Mush yourself to the North or South Pole, either icecap. Chip from a glacier for your drink. (You have brought, certainly, a tumbler?) Add gin, room-temperature tonic. The air escaping the cleaving ice is unpolluted. Give pause and ear to the whisper—vaunted—of the ages: a gassy tale ten thousand years told. Inhale. You could ask a question now, but what? Is what you ...

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Would You Feel Better?

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pp. 50-53

Two weeks ago from Utah, Andrew, Suzanne’s husband, on the phone: You son of a bitch, I know about you. Don’t think I don’t. And, yesterday: her. Suzanne wanted this, her call, to be final. Let’s settle this on the phone. Suzanne said she wanted to put Andrew on the bedroom extension. Anything you have to say to me now he should hear. ...

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Bliss

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pp. 54-55

You rise to light, drumming rain. These dawns you run alone, trying new routes, and it’s bliss. You slow as you come upon a woman in her nightclothes. She faces away, standing in her yard, crying. You think at first for birds, for she holds birdseed in her hands, thrusting at the world like a statue or saint. But her sounds are unbirdy. Is it she cries ...

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Barrie Hooper’s Dead

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pp. 56-72

I sit in Poor Richard’s restaurant and used book store—Poor Richard’s Read & Feed—which has just reopened after months of repair. Someone tried to burn the place, setting three spaced, internal fires. Mrs. Hooper has returned letters I’d sent her daughter. But the mother has marked those private words with hers: notes to herself? ...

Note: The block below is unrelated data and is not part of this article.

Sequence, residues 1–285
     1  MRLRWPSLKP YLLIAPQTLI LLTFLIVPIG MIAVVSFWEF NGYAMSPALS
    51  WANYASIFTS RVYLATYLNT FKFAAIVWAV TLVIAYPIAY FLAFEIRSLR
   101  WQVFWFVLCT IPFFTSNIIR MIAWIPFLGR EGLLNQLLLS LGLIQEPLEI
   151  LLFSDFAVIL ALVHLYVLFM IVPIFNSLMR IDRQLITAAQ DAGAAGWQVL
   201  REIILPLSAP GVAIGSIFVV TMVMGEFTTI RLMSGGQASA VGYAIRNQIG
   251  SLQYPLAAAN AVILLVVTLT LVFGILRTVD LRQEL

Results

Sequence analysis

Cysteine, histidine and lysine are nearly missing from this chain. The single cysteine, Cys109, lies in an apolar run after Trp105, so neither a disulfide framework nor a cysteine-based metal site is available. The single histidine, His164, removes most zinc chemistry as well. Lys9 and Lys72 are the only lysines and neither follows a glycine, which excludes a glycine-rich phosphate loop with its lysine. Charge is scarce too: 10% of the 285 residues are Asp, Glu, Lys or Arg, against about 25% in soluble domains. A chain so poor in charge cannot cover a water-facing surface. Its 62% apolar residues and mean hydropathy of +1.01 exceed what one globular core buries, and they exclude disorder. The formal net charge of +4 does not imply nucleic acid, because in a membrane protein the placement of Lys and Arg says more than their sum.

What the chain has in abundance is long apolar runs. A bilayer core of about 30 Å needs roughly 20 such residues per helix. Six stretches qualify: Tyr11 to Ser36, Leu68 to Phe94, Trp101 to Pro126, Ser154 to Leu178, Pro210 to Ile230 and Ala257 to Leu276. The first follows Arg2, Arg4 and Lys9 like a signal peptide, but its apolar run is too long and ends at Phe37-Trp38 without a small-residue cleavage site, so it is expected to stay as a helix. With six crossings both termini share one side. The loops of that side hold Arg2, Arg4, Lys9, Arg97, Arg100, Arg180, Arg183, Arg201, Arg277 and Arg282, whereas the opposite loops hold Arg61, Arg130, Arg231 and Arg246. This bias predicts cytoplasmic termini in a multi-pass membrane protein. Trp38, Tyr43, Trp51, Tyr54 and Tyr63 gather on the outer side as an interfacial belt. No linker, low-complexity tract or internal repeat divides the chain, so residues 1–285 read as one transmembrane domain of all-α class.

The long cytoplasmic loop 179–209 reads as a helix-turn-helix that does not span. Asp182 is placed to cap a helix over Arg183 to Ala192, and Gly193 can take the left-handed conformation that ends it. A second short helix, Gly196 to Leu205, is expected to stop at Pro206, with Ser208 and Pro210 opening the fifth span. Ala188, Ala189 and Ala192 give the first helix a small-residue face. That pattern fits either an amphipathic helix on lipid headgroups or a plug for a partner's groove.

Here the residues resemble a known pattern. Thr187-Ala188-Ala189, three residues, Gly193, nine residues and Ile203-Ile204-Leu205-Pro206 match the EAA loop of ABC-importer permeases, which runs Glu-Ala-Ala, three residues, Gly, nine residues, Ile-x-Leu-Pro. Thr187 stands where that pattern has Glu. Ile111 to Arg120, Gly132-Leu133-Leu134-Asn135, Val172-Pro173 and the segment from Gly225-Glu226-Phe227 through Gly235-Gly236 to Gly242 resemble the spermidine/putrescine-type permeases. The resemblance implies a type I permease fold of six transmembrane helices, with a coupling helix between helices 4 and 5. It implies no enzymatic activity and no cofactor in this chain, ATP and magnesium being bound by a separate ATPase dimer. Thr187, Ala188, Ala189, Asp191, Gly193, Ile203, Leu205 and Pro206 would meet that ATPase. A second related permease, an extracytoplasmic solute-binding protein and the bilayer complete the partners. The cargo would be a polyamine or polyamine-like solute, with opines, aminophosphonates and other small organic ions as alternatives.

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Twenty Ways to Look at Fire

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pp. 73-77

fire, one of man’s essential tools, control of which helped start him on the path toward civilization. Peking man, living about 500,000 b.c., is the first confirmed fire user, though he was, no doubt, a fire tender, rather than fire maker—the first fires undoubtedly the effect of lightning. It took a half million years ...

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Fire Road

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pp. 78-97

The winter Alexandra was in her second year of high school and newly possessed of a driving permit, a heater hose in the old Datsun burst. Twenty years, and I’m stuck with that part of that day. Sky looks greasy, pressured for storm. Air like suet. 4 p.m. Cold. Alex had expected to drive to safeway, been headed for the ...

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Fathers